It’s no secret that the founding members of Bolt Thrower were influenced by the Birmingham scene. Coventry is barely an eighteen-minute train ride outside of heavy metal’s birthplace, where grindcore was sowed as well. The congeniality of the scenes impressed a creative vision upon guitarist Barry Thomson that would be shared with friend and bass player Gavin Ward, and from there Bolt Thrower was born as a wild amalgam of mutual interests. Rallying drummer Andrew Whale and vocalist Alan West, the four young men set off to write frantic, explosive music, which would lead a car wreck of songs to appear on Bolt Thrower’s earliest demos. From these first two demos, the template for their full length debut was born. After recording their second demo, the band was slightly altered and included Jo Bench to consolidate Bolt Thrower’s original line up.
One can easily tell that Andrew Whale’s style was cultivated in England’s growing grindcore scene. It is the combination of Whale’s playing and Barry Thomson’s tornado of thrash-inspired rhythms that exploded, perhaps by accident, into England’s first truly important death metal album. Bolt Thrower promised that the United Kingdom would not be overlooked in any regard in the generation that would follow extreme metal’s first wave. Attacking on two fronts as grindcore and death metal, In Battle There Is No Law engulfed both communities with its unique and intriguing sound.
The opening and eponymous track unloads with a procession that calls for war and drowns the listener in a whirlpool of manic guitar playing. What the vocals lack in technique they make up for in the consistency of brutality and ferocity. Gavin’s growls are simple and blunt bursts of energy delivered in time with the frantic hardcore energy of the band.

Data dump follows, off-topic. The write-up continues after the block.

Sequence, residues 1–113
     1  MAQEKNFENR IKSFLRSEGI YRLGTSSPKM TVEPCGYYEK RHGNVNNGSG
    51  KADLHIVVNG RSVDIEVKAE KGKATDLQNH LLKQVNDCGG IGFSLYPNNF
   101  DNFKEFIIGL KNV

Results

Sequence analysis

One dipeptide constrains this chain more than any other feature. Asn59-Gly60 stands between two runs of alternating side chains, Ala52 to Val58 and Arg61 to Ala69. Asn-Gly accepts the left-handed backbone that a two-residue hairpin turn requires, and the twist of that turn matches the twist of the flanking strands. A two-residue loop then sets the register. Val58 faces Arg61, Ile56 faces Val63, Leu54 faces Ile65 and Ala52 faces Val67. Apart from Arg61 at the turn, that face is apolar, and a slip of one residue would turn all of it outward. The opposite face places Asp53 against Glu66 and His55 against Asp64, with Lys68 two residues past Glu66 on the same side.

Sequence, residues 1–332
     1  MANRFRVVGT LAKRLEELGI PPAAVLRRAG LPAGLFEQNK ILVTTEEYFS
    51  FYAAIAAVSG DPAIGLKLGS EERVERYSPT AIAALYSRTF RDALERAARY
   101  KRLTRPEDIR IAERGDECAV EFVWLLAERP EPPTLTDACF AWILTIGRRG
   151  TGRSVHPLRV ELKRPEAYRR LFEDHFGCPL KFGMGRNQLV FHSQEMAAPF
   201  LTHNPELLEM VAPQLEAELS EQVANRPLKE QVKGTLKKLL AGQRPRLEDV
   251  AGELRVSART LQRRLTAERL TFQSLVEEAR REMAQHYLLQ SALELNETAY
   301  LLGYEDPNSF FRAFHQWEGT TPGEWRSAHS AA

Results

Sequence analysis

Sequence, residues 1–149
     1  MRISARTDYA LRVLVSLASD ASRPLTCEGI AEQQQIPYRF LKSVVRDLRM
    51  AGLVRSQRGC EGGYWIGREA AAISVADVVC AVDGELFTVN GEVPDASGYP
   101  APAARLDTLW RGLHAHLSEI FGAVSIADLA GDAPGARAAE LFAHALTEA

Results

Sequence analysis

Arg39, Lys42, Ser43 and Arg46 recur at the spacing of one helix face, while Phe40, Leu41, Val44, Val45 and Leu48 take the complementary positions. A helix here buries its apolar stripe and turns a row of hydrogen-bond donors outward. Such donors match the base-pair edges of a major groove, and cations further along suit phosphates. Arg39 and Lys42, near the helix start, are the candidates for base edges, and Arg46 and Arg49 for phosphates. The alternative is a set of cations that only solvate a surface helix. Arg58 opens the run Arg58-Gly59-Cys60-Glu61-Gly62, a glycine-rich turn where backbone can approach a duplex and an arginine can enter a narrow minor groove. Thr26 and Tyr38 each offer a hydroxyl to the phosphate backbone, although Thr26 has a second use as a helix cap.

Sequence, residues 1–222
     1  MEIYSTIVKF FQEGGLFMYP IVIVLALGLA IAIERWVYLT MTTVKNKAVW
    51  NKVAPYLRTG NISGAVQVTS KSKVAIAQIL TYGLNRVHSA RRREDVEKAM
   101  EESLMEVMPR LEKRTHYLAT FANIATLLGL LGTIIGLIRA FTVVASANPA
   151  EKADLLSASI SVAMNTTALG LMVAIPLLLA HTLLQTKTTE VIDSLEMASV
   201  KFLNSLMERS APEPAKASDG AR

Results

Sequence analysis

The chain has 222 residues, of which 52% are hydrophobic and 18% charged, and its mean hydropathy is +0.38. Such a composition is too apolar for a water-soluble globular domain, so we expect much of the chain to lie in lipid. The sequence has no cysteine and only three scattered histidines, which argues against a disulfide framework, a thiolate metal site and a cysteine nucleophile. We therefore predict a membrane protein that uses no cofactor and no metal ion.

The consecutive track “Challenge For Power” confirms what we know now: that Bolt Thrower could not and would not relent. This vicious declaration sounds as thick as it is fast. Oozing out of the amplifier is a storm of madness all-consuming.
On “Forgotten Existence” the Slayer worship becomes more evident. Don’t be surprised if you make out signs of Hell Awaits and Show No Mercy within the onslaught of shredding.
From the first track to the last, out churns a bloody gourmet of England’s first wave of death metal’s finest dishes to be consumed by ravenous metal battalions. One could picture oneself in the thick of cosmic war in the universe from which the band takes its name, Warhammer 40k, as Chaos Legions and Imperial Marines fight over a doomed world to the flesh-ripping sounds on “Concession of Pain,” and imagine catastrophic death tolls and entire star fleets burning over the horizon while listening to “Attack in the Aftermath.”
The year is 1988. Drunk on zeal and whatever else they could get their hands on, a band from Coventry, England takes destiny into their hands and declares a legacy that will remain with them forever: in battle there is no law.